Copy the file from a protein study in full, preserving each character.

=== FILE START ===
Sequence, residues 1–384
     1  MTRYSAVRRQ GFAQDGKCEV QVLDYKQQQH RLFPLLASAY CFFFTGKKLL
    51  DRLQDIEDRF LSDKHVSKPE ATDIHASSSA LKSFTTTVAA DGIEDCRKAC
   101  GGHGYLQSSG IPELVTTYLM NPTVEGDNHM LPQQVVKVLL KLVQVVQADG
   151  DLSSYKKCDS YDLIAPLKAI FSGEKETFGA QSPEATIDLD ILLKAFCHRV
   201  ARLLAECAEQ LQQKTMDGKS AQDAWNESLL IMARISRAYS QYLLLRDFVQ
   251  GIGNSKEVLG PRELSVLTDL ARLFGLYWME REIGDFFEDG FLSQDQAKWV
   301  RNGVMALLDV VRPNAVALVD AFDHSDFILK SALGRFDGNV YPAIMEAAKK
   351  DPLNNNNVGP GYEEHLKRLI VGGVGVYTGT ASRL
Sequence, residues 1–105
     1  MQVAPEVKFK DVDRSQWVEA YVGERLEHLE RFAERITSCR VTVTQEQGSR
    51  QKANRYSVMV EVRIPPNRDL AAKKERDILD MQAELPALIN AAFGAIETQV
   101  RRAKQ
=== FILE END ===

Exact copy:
Sequence, residues 1–384
     1  MTRYSAVRRQ GFAQDGKCEV QVLDYKQQQH RLFPLLASAY CFFFTGKKLL
    51  DRLQDIEDRF LSDKHVSKPE ATDIHASSSA LKSFTTTVAA DGIEDCRKAC
   101  GGHGYLQSSG IPELVTTYLM NPTVEGDNHM LPQQVVKVLL KLVQVVQADG
   151  DLSSYKKCDS YDLIAPLKAI FSGEKETFGA QSPEATIDLD ILLKAFCHRV
   201  ARLLAECAEQ LQQKTMDGKS AQDAWNESLL IMARISRAYS QYLLLRDFVQ
   251  GIGNSKEVLG PRELSVLTDL ARLFGLYWME REIGDFFEDG FLSQDQAKWV
   301  RNGVMALLDV VRPNAVALVD AFDHSDFILK SALGRFDGNV YPAIMEAAKK
   351  DPLNNNNVGP GYEEHLKRLI VGGVGVYTGT ASRL
Sequence, residues 1–105
     1  MQVAPEVKFK DVDRSQWVEA YVGERLEHLE RFAERITSCR VTVTQEQGSR
    51  QKANRYSVMV EVRIPPNRDL AAKKERDILD MQAELPALIN AAFGAIETQV
   101  RRAKQ